Digital Innovations
Holiday Stocking Stuffers; Gizmos, Gadgets, And Gear To Produce The Ultimate Image

"You might as well do your holiday hinting early."--Anonymous

Submitted for your approval: A list of gizmos, gadgets, and gear for the digitally-minded who maybe thought they had everything but didn't know that they really needed lots more stuff to produce the ultimate image. You can use this month's column as a shopping list for your favorite photographer or grab a Sharpie Mini and circle all of the goodies you want and causally lay it near where your spouse eats his or her morning Wheaties. Hey, it worked for me.

Plug-In Of The Season
There's nothing better for your favorite Photoshop user than a brand-new plug-in. nik Sharpener Pro 2.0 ( is a Photoshop compatible plug-in that sharpens images based on resolution, viewing distance, paper type, and printer resolution rather than the radius, amount, and threshold values used by most other sharpening software. The plug-in's Selective tool lets you apply sharpening to any part of an image using brush strokes and is a good reason to have a graphic tablet handy. The Advanced menu's five sliders can be associated with different colors and each slider lets you increase or decrease sharpening applied to image areas with that color! nik Sharpener Pro 2.0's Raw Presharpening filter is controlled through a preview window with a simple slider. The plug-in is designed to match the image-rendering characteristics of various printing processes (traditional halftone, dye sublimation, inkjet, and digital photographic) and even to the differences between inkjet printer manufacturers, such as Canon, Epson, HP, and Lexmark.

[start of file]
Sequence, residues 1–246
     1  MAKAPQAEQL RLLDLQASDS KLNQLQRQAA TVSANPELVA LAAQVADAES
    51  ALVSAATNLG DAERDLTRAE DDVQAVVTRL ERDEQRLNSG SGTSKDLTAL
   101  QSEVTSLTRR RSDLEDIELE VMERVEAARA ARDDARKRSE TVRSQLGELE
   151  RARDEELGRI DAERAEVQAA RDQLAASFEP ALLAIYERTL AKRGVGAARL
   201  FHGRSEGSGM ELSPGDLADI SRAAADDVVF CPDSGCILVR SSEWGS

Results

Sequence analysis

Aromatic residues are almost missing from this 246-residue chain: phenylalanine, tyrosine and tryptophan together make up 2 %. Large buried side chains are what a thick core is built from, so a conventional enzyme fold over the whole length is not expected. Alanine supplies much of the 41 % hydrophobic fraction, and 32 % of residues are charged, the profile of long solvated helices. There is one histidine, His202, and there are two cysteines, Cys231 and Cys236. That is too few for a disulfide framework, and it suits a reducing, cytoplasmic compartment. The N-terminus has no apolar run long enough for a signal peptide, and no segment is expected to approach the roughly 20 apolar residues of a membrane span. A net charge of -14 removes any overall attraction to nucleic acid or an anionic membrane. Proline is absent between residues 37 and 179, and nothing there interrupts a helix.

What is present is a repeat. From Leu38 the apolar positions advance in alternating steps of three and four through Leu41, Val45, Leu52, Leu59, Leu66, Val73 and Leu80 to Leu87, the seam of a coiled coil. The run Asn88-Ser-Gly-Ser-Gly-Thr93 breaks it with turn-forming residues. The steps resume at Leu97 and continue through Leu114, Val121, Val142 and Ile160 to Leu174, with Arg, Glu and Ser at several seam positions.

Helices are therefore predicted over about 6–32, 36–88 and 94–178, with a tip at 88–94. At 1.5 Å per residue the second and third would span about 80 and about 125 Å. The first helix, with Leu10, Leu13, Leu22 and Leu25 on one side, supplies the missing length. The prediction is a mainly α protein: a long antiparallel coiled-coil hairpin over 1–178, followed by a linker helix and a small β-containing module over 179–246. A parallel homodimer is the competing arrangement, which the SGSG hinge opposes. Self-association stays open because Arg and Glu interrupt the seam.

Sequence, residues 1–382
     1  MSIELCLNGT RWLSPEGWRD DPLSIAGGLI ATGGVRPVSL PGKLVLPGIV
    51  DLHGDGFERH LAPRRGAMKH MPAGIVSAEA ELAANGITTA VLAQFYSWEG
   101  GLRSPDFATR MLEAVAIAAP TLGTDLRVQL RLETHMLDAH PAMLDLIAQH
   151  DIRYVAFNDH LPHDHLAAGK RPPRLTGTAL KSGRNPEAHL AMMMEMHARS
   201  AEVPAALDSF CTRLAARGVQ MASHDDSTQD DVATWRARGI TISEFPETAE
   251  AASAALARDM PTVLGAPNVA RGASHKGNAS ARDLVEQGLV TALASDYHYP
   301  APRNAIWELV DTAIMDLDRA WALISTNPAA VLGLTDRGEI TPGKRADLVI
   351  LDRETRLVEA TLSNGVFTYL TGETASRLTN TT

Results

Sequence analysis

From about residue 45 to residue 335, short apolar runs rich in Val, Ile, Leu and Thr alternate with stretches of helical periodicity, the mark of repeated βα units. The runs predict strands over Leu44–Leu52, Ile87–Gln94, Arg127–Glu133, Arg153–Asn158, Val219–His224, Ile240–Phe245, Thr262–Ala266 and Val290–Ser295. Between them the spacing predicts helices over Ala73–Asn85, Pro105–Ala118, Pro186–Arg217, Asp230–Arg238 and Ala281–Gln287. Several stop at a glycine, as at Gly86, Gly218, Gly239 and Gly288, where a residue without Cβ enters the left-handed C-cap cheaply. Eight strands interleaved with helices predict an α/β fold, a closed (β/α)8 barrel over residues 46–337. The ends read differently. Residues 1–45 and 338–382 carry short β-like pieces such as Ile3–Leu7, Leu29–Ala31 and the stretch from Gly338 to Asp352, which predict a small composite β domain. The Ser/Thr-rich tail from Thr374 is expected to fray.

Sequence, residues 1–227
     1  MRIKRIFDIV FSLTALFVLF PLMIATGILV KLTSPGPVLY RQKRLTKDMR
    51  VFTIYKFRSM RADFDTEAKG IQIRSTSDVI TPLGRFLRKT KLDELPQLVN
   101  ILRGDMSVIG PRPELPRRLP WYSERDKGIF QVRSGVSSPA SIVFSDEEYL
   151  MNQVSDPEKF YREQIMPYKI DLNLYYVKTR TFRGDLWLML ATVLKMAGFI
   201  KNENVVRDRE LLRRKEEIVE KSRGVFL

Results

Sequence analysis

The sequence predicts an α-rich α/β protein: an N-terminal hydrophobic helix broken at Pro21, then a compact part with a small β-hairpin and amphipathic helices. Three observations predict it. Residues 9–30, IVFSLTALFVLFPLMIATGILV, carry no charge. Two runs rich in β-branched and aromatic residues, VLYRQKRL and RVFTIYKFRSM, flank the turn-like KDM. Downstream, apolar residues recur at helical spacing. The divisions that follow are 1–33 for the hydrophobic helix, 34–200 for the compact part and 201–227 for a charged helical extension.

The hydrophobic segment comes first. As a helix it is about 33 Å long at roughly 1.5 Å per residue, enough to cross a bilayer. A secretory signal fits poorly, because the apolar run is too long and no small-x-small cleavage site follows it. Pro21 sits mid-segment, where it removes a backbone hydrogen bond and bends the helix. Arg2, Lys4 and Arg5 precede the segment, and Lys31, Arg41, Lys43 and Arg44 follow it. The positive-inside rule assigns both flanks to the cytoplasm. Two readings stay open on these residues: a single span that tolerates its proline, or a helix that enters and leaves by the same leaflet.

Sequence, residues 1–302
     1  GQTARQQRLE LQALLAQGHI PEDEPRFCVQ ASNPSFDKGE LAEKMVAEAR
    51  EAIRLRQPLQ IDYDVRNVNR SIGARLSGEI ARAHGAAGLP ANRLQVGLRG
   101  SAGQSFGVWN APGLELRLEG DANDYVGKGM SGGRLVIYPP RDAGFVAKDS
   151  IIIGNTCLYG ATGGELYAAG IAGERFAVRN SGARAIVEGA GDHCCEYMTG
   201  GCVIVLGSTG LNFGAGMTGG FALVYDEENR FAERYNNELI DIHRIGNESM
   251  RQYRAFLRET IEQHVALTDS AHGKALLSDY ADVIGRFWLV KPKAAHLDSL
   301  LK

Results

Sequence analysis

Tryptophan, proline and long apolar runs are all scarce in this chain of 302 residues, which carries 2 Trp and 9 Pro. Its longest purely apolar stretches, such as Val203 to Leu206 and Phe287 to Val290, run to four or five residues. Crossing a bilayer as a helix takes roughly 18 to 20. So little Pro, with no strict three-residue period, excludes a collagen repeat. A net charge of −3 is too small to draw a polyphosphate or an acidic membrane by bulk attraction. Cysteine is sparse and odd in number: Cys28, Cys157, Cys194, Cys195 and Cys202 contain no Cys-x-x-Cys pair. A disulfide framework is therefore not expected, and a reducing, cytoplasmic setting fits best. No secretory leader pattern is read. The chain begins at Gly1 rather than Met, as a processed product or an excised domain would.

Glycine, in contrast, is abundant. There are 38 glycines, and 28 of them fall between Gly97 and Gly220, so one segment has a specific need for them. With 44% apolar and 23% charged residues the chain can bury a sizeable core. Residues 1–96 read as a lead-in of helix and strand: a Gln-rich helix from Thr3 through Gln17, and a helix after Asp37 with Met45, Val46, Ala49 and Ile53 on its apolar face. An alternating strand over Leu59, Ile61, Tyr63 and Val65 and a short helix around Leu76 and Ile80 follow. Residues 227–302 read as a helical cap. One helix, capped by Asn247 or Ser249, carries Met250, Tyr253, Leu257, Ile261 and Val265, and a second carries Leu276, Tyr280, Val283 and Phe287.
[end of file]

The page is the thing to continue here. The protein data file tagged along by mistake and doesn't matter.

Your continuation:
nik Sharpener Pro 2.0 is designed to address the image-rendering characteristics of various printing processes and even differences between inkjet printer manufacturers (Canon, Epson, HP, and Lexmark). It's offered in two editions: the Inkjet Edition for $169.95 and the Complete Edition for $329.95.

Get A Grip On Your Flower
If you make flower photographs indoors, how do you hold your posies in place? I used to just stick the flower in a bud vase, but found a better and more precise way. Adorama's ( Rose Holder is a 13" long flexible aluminum rod with a large clamp on one end that's used to grip a tabletop, but I use a light stand for more precise control. A smaller clamp on the other end is designed to hold delicate items in exactly the "right" position. Flower children will be happy to know that there are indentations on the clamp to hold flower stems securely without damaging them. For less than $20 this makes a great stocking stuffer for the flower and nature photographer. Adorama tells me a longer model is planned.

Macro photography is tough enough without the flowers moving after you're in perfect focus. I placed this rose in an Adorama Rose Holder that was clamped to a light stand. Light was available from a north-facing window and a small reflector was held on camera right. Camera was a Canon EOS 20D with EF-S 60mm Macro lens in Aperture Priority mode. Exposure at ISO 100 was 10 seconds at f/32 and a +2/3 stop exposure compensation was applied.